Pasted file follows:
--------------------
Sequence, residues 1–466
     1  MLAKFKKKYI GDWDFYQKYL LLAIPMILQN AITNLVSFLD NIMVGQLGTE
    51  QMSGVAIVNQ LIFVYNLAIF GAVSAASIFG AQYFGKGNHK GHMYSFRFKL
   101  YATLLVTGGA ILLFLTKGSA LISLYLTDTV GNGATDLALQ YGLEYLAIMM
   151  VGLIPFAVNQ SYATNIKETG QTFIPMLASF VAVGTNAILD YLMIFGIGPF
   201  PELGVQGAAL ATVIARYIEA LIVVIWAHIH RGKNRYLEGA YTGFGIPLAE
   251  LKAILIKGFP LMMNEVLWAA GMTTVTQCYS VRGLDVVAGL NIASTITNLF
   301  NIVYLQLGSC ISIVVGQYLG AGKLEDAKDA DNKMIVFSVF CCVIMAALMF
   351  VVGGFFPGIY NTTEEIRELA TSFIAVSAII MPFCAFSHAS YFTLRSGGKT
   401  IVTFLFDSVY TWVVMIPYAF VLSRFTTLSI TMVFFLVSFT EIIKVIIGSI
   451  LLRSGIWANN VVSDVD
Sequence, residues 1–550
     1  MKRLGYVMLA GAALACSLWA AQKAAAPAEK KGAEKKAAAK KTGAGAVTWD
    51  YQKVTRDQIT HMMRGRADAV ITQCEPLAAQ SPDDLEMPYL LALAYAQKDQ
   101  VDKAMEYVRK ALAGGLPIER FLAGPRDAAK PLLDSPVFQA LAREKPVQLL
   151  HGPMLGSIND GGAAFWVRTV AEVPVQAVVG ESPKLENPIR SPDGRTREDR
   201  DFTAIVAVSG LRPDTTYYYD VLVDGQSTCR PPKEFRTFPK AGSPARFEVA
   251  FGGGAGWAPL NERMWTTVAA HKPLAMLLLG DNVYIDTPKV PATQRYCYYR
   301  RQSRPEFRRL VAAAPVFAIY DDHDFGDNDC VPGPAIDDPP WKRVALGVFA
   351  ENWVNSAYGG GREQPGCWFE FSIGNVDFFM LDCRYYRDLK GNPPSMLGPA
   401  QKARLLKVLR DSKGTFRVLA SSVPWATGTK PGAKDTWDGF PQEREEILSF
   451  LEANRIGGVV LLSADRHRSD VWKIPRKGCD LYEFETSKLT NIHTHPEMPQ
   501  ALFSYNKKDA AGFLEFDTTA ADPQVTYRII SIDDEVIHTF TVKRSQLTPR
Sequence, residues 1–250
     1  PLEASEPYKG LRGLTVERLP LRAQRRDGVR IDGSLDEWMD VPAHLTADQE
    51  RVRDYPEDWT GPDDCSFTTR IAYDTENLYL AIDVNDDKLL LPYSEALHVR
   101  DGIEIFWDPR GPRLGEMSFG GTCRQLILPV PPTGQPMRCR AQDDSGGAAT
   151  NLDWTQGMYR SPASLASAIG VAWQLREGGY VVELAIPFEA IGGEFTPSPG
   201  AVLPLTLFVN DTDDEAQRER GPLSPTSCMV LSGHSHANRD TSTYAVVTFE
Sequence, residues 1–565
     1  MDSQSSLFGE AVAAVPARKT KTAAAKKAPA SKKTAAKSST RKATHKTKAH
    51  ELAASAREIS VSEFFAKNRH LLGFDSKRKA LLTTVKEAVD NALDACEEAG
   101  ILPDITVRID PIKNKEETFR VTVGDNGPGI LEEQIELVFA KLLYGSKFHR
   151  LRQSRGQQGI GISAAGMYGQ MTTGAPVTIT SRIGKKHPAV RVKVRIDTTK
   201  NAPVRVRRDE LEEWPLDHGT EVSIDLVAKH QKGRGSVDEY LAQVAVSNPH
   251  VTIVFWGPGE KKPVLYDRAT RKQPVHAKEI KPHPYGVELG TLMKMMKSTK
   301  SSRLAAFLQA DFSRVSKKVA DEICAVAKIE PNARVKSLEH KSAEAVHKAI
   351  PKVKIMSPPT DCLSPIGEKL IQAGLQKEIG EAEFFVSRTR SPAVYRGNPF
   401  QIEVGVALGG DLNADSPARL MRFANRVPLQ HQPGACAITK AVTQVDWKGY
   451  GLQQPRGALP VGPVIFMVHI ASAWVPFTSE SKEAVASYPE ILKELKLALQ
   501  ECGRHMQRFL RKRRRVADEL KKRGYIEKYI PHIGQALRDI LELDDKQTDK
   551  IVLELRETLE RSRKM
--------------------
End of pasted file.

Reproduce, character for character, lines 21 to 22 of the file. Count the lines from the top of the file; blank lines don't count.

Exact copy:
   401  QKARLLKVLR DSKGTFRVLA SSVPWATGTK PGAKDTWDGF PQEREEILSF
   451  LEANRIGGVV LLSADRHRSD VWKIPRKGCD LYEFETSKLT NIHTHPEMPQ